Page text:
Commūtātiōnem Corporum = "exchange of bodies", a noun phrase, in the accusative case.
Corpus Vortō = either "I change a body" or "I rotate a body", a verb phrase.
I would go with first a noun in the accusative case for "body/bodies", then a verb in the first person singular meaning "I change".
For the noun you could choose from corpus "a body", corporēs "bodies", imāginem "a shape", imāginēs "shapes", formam "appearance", formās "appearances".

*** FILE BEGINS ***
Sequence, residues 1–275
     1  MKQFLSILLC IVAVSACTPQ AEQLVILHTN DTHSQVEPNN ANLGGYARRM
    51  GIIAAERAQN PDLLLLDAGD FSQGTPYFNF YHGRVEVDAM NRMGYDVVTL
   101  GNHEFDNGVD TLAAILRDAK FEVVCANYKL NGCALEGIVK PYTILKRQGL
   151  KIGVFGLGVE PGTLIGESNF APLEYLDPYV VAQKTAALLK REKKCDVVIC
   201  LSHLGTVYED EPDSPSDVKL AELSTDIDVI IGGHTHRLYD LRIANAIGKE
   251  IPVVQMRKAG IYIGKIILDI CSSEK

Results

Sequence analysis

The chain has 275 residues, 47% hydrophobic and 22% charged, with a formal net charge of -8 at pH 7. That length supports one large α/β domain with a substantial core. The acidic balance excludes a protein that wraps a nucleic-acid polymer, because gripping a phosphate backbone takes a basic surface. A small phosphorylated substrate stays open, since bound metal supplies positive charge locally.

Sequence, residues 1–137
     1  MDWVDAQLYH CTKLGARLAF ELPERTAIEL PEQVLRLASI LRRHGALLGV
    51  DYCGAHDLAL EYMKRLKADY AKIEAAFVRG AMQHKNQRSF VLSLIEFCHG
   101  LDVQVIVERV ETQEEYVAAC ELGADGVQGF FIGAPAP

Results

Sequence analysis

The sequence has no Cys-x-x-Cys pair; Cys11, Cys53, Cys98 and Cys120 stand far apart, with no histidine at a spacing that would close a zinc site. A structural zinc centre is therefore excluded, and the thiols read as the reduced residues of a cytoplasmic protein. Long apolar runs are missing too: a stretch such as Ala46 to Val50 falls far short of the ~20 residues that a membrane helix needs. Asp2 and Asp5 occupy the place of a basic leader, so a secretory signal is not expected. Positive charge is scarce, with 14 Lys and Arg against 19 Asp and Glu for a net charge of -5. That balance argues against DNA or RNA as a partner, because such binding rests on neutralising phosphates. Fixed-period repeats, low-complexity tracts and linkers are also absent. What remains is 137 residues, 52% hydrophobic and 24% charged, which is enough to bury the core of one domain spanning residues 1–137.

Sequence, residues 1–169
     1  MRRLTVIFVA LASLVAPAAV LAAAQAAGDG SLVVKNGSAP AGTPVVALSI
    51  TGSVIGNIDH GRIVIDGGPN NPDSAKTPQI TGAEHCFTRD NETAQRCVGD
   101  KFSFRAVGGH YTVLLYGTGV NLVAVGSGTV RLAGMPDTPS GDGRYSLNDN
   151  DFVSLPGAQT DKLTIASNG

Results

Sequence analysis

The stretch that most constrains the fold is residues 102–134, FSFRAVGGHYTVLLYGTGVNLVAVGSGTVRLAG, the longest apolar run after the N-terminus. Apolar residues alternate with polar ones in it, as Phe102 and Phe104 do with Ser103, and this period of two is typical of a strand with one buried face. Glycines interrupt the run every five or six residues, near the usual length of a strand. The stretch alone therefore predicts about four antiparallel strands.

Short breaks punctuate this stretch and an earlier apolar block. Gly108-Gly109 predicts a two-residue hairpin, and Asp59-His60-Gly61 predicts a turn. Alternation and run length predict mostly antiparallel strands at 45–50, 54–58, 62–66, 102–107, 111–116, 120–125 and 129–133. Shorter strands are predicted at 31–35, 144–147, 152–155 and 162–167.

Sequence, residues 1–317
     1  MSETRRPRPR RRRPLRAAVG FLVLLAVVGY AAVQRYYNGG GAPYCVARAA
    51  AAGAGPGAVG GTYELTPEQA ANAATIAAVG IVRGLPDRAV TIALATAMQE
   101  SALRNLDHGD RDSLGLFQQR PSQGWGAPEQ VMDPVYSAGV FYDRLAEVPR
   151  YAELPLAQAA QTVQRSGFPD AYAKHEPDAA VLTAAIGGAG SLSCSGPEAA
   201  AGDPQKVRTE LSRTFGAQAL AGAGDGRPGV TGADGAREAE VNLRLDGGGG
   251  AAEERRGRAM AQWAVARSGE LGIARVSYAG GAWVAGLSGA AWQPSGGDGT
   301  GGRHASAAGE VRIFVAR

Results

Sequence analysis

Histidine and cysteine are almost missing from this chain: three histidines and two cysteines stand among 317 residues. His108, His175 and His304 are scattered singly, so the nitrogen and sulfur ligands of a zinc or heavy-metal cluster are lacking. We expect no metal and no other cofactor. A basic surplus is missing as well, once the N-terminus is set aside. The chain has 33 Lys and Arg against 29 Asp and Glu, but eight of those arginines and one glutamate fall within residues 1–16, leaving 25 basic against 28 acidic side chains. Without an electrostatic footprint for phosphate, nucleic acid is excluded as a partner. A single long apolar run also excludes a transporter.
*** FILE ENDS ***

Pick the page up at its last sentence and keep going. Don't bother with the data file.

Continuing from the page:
For the verb you could choose from commūtō "I exchange", mūtō "I change", vertō/vortō "I turn".
You can mix and match these freely, but my vote is for imāginēs commūtō, "I exchange shapes". If you want something longer you could turn it into a sentence, imāginēs hominum inter sēsē commūtō "I change the forms of people back and forth", but given your comments I'm assuming you want something short and sweet.
You can include the marks on top of the vowels, or leave them off, at your preference. They represent a difference in sound that was important in Classical times but disappeared in later Latin. If this is meant to be Mediaeval, definitely leave them off.